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How Managers Can Establish a Culture of Experimentation
In today’s era of cut-throat competition and ever-changing dynamics, organizations need to employ more innovative measures that will attract more customers, garner greater attention, and boost revenue. The business world is consistently changing and this makes it essential for organizations to establish a culture of experimentation.
A culture of experimentation implicates organizations to implement fresh ideas and solutions in the entire organization. This is done without limiting things to specific departments only. Experimentation promotes innovation and therefore, requires to be embraced throughout the organization. For making experimentation a productive exercise, your organization must handle several situations. Your learnings from these situations and the communication you had with your teams about the findings should be reflected in your decision-making process.
Technology is developing at an astonishing pace over the last few years. From new tools to new business models, there’s a new development in the world of business each day. No wonder having a culture of experimentation has become mandatory today. So, how can you establish a culture of experimentation? Let’s find out below!
1. Bid adieu to micromanagement
Being a leader, you’d be aware of how easily one can slip into a micromanagement perspective. In a culture of experimentation, you shouldn’t get overly perspective about what your employees do, how much they work, etc. Employees cannot perform nor get engaged in the organization when they are being monitored very closely. When you want your workforce to really be innovative, you need to give them an extensive level of freedom.
2. Learn from failure
As cliche as it may sound, you and your employees need to be comfortable with failure. It is quite important when you are aiming to establish a culture of experimentation. You are going to design products that just won’t work well. You will create new web sections that receive an abysmal conversion rate. These are learnings that need to be reflected in your next decisions. When you want your employees to work in a culture of experimentation, you need to be comfortable with seeing everyone fail but learn.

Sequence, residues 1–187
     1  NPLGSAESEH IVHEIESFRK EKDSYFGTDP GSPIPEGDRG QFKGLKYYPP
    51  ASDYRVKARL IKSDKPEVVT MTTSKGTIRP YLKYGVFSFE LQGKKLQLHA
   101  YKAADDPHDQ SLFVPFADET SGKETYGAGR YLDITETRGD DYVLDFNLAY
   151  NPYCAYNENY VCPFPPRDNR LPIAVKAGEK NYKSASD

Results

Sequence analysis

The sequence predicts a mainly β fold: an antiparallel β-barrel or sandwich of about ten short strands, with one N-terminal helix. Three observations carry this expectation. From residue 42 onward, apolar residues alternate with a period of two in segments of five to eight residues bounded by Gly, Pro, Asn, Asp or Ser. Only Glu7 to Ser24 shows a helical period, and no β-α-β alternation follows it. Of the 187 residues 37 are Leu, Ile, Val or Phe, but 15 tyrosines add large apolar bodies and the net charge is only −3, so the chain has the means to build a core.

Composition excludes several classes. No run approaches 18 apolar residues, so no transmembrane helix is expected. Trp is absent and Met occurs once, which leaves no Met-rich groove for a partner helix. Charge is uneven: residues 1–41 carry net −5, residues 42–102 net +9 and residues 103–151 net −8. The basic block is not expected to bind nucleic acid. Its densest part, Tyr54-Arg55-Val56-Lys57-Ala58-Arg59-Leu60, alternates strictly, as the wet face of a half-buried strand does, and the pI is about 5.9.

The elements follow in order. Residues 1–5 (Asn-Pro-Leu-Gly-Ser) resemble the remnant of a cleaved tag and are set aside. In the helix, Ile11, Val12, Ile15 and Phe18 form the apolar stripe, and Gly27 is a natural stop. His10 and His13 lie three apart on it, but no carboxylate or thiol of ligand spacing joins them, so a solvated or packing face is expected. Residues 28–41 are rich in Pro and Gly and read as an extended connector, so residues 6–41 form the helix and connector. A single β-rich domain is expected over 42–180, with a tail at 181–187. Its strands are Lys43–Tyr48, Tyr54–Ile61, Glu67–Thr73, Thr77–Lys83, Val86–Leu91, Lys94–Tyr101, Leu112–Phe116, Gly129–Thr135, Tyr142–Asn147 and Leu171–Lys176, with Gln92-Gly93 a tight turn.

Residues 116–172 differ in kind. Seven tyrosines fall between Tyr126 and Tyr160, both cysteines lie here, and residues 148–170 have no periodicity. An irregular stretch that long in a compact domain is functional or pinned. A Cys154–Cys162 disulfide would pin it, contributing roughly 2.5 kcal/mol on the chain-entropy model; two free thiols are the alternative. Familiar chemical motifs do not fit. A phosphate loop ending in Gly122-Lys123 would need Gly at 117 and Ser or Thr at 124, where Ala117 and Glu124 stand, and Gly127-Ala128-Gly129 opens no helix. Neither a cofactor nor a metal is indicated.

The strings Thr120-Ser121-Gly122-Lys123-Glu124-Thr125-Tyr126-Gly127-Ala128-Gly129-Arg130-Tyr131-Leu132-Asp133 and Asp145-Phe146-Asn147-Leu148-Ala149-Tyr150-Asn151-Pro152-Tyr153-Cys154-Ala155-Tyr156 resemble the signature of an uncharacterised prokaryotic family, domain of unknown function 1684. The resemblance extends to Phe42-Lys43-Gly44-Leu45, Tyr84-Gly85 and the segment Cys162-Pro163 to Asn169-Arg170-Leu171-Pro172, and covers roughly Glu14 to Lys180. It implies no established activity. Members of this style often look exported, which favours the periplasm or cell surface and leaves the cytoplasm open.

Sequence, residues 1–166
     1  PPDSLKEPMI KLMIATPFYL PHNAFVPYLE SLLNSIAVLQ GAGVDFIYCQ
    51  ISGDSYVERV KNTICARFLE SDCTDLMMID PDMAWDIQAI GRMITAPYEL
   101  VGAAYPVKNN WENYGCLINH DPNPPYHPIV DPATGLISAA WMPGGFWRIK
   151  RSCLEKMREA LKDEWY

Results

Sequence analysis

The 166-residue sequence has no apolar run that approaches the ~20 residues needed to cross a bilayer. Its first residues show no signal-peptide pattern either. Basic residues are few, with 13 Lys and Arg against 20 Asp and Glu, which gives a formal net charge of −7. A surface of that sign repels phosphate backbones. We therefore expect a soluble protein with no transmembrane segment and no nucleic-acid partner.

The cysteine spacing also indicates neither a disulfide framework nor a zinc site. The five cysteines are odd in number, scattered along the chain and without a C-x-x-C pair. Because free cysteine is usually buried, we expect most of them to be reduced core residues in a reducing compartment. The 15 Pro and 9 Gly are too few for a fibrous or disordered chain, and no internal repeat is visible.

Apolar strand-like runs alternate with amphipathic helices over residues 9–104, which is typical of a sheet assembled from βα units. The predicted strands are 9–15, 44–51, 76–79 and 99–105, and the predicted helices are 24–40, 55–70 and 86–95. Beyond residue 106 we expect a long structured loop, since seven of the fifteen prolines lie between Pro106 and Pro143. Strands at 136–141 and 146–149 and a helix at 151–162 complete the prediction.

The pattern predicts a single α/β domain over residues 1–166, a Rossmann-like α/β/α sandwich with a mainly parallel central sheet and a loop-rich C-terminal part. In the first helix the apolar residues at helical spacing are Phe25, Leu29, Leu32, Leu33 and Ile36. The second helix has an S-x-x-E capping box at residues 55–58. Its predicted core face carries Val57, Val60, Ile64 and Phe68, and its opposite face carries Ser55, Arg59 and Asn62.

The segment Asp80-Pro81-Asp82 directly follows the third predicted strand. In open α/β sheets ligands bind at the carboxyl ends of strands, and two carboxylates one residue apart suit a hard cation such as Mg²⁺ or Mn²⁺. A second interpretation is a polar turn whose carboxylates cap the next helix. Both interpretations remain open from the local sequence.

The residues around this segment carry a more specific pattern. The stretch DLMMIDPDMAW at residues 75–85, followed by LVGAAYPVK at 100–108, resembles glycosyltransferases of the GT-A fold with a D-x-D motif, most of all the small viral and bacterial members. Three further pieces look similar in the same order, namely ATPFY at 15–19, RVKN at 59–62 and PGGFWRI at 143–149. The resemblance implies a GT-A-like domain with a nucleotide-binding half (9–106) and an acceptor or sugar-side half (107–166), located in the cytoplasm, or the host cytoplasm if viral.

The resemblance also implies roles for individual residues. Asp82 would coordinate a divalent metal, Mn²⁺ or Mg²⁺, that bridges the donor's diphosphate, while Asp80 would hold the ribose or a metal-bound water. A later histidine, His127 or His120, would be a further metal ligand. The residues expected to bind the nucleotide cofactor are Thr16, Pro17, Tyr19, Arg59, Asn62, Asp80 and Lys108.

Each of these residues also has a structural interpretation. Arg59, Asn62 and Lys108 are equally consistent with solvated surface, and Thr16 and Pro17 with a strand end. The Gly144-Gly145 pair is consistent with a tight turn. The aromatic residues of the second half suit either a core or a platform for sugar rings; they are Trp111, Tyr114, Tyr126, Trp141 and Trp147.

3. Initiate with small bets
You do not want to experiment to the extent that your organization’s future is dependent on a single experiment. Start by taking small bets as it will enable you to get an understanding of what can work in your favor. Chase progress and not perfection – get a process that enables your employees to submit their ideas. As you keep taking small bets, you’ll become familiar with what works for you, and then you shall double down on it. This is a low-risk strategy that can guide in uncovering the way to success.
4. Value the effort
At the initial levels, your employees can feel apprehensive while experimenting, especially when it’s not been an element of the culture. By their first failure, they might end up feeling like throwing in the towel. To ensure that this doesn’t happen, you need to highlight and publicly recognize their efforts. Make sure that you personally motivate the ones taking small bets and risks. Another way is to gamify things so that your workforce gets some type of reward from experimenting.
5. Have a collaborative approach
In order to make experimenting productive and get good ideas, you need to have a pool of a huge number of ideas. Even though some of these ideas might turn out to be vague. but that’s the whole point of the experience. The best way to think of an idea is to have frequent business sessions to develop new tests. The more you collaborate, the better ideas can be brought to the table unitedly. However, make sure that these sessions are productive and include no other discussion other than generating ideas.
6. Get everyone involved
When you are establishing a culture of experimentation, you cannot just allow the teams to handle it on their own. It is vital that everyone in the organization recognizes that they have room to experiment around. The organization that is historically the master of this is Facebook. They have had traditional hackathons since the days of their start. These hackathons a weekend, night, or day and produce useful products.
7. Provide time to experiment
One cannot establish a culture of experimentation when it demands way too quick results from employees. Experimentation takes time but then as clear as it is, the process yield multiple benefits for the organization. Google does this as well through its 20 Percent Time Model. This allows the employees to devote 20% of their working week to a project not related to their scope. It served to establish the basis of a culture of experimentation for the internet giants.
Make sure you consider the above points for establishing a culture of experimentation in your organization. For more assistance regarding employee development, reach out to us here!